|cutting out the patterns|
|bevelling the edge|
(this is the second part; part one is here
Once I've tested the patterns with an actual clay trial form, and know that the patterns are going to work, I roll out a clay slab, flipping the slab over each time I roll it. To keep the slab even, I use two 1/4 inch dowels on either side, like train tracks, on which the rolling pin can roll. The table surface is a piece of granite, smooth, and slightly absorbant. The sheeting (part polyester--doesn't wrinkle as much....) makes it easier to lift the slab, each time it's rolled out, so that I can flip it over before I roll it out, again. Then I cut as many forms out of one slab as I can fit--I hate having to recycle the slabs if I don't have to! The oval base goes into the bottom of the plaster mold, and its outer edges are pressed and thinned once the base is in place. The side pieces get a bevel cut at each end, where the ends will overlap each other. The top edge of the curved side piece is smoothed, now, as well.
|placing the cut shapes into the mold|
Once all the pieces are in place, (I scrub the areas to be joined with a toothbrush dipped in vinegar) they're smoothed down, and pressed against the bottom and side with my fingers. I also put a soft coil around the oval, at the inside base of the piece, and up the sides at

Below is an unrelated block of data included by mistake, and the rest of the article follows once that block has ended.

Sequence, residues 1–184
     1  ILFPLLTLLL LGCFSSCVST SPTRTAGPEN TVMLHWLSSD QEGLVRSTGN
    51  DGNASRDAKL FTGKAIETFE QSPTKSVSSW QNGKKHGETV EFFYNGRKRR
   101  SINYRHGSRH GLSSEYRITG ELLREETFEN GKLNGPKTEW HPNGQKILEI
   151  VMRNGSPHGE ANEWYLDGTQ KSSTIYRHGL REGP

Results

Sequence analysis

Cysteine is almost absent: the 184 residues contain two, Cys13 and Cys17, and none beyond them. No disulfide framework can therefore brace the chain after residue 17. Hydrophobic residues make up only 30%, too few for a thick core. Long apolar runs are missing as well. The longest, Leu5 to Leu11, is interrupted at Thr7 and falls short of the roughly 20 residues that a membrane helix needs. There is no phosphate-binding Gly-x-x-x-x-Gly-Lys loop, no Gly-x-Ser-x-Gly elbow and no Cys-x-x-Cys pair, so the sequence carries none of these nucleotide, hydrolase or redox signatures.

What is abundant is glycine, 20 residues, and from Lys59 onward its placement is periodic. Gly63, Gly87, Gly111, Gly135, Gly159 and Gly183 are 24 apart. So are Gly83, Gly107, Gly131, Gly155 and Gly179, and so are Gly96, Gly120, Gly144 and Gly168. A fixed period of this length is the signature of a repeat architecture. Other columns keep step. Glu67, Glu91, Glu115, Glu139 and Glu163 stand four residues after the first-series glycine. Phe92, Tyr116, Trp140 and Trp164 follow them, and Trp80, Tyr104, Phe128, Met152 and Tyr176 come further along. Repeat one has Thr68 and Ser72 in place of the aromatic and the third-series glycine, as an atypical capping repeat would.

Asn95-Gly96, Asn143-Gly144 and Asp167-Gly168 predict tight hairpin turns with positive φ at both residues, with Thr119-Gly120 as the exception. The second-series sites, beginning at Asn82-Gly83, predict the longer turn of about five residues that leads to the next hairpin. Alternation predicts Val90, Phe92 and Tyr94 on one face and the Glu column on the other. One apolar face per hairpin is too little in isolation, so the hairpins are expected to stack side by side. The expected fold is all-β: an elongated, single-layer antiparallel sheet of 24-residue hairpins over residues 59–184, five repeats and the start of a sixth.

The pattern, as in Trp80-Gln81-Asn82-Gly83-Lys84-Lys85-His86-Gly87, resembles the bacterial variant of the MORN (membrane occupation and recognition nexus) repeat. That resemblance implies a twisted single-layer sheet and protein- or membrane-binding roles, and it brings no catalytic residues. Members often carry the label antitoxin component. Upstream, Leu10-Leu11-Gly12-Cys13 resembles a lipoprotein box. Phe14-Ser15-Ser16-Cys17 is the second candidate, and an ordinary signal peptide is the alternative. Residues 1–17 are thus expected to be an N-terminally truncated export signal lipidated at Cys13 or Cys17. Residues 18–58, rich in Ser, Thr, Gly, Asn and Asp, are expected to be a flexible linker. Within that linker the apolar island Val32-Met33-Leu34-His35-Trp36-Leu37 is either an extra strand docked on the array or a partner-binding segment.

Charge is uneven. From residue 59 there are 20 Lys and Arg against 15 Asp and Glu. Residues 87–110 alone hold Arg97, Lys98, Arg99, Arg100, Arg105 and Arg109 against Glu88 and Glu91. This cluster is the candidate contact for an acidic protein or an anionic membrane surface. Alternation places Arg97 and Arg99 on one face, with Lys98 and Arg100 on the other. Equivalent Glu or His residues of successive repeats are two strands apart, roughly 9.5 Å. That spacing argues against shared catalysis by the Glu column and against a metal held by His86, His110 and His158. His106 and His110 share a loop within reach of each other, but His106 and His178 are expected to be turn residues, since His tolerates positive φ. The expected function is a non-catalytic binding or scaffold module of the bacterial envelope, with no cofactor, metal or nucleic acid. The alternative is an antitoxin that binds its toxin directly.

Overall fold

the joining of the two sides.
|fitting the side pieces on top of the base|
Then I dip a small blue (or red) rubber rib into water, and smooth all of the inside. The top edge is smoothed, again, with a chamois, and the the top edge is fluted. At this point, I have to let the piece dry out enough so that it can be lifted out of the mold. If I'm done working for the day, then I cover the mold and clay form with a sheet of plastic, and come back to it in the morning. Otherwise, I can let it sit out for a while until the wet/leatherhard clay will release from the plaster.
Final work on this piece will continue in a third post.